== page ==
More than 1,000 seats will be occupied at Comerica Park's season opener April 1, it appears.
"In the coming days, we look forward to announcing more details on increased capacity for Opening Day and beyond," says a Detroit Tigers statement. A way to exceed a state attendance limit announced March 2 is being discussed "with the Michigan Department of Health and Human Services, public health and medical experts, government officials, Major League Baseball and leading venues throughout the country," the team adds.
"We appreciate the passion, patience and resilience of Tigers fans and expect to soon announce more details on increased ticket availability," concludes Monday's three-sentence media handout.
The Detroit News adds another tidbit:
Some stadium concession employees, contracted by Delaware North, were recently told they might be needed for Opening Day after all. They were originally told they wouldn't be needed until the second homestand, which starts April 20, a day after the current state order expires.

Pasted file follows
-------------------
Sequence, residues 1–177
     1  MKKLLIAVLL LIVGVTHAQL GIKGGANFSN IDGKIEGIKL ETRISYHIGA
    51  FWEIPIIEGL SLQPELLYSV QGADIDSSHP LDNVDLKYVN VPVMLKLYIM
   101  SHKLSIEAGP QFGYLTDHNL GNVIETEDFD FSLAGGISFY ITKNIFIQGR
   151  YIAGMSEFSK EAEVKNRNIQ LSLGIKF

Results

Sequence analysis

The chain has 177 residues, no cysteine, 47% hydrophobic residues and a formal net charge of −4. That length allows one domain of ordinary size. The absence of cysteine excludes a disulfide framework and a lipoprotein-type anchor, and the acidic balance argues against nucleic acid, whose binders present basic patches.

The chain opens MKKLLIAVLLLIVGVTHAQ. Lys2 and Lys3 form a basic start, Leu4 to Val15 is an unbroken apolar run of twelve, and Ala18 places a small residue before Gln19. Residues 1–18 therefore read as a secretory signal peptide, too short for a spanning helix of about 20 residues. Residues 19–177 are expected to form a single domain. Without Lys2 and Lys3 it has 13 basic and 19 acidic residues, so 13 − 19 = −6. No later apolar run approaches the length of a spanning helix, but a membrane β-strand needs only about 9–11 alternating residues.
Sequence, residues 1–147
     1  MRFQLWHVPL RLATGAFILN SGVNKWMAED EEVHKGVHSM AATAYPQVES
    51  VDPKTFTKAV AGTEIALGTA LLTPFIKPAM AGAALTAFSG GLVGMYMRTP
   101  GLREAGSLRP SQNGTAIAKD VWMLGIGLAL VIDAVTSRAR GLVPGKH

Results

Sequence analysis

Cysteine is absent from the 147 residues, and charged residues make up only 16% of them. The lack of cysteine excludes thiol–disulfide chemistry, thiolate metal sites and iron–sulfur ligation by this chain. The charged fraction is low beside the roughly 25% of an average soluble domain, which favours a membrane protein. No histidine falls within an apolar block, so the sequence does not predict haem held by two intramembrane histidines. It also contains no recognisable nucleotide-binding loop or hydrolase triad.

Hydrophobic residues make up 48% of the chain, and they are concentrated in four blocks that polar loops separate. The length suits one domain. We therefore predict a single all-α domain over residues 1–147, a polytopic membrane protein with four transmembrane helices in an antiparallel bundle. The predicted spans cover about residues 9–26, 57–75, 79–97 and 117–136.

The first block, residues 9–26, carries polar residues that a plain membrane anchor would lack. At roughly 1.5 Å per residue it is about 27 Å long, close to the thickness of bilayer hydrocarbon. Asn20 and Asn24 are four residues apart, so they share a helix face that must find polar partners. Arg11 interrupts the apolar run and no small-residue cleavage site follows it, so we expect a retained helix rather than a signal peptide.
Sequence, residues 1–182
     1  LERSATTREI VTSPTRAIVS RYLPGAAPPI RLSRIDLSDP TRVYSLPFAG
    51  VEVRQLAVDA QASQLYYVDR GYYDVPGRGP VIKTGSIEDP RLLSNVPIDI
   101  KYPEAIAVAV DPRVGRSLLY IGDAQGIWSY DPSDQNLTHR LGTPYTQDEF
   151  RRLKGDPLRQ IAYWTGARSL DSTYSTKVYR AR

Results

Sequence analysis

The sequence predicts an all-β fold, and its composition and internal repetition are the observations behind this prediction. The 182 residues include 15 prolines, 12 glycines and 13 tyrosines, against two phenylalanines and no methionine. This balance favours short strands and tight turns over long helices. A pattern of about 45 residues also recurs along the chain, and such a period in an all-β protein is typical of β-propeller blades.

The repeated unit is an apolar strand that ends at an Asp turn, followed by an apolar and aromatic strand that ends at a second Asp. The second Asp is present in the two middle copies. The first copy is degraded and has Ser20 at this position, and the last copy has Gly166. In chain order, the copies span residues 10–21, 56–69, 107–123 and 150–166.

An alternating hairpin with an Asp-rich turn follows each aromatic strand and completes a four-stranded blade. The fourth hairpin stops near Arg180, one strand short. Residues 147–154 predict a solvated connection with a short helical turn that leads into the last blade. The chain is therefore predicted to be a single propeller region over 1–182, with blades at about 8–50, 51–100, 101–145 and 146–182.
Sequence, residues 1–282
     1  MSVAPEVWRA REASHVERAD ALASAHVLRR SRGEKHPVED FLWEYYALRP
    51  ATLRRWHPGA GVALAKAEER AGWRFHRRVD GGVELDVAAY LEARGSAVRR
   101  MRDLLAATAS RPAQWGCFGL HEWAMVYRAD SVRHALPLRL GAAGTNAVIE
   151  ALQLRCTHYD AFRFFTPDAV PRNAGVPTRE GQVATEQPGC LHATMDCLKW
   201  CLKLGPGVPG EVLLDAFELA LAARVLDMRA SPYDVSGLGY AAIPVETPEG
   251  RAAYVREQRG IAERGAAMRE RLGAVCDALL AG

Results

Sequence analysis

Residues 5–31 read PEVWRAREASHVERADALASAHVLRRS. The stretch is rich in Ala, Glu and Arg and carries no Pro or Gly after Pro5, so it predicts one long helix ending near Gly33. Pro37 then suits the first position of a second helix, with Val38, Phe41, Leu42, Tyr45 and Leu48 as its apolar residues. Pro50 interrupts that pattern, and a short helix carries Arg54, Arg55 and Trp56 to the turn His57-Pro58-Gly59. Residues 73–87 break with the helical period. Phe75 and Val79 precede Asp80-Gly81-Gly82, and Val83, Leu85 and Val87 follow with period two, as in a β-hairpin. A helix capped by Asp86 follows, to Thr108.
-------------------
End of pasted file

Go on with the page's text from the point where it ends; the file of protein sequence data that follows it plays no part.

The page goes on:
The paper quotes a spokesman for the governor as saying the state health department is in "close discussions with the Ilitchs and the team at Comerica Park" to expand capacity limits. "There's nothing more exciting than fans rooting for the Tigers at a home game, and we look forward to making that happen very soon."
The Tigers have sold well more than 1,000 Opening Day tickets between season-ticket holders and the general public, so if the current cap remains, they'll have decisions to make on who gets to use the tickets and who doesn't. Priority is expected to be given to season-ticket holders.
One thousand fans are less than 3% of Comerica Park's official capacity. The Tigers played a shortened, 58-game season in 2020 with no fans allowed at Comerica Park. ...
The Tigers' plan to admit more fans comes as other MLB ballparks intend to loosen capacity restrictions when the season begins. The Texas Rangers, for example, plan to be at full capacity. ... The Tigers have been allowing up to 2,000 fans for home spring-training games in Lakeland, Florida; those games have all sold out.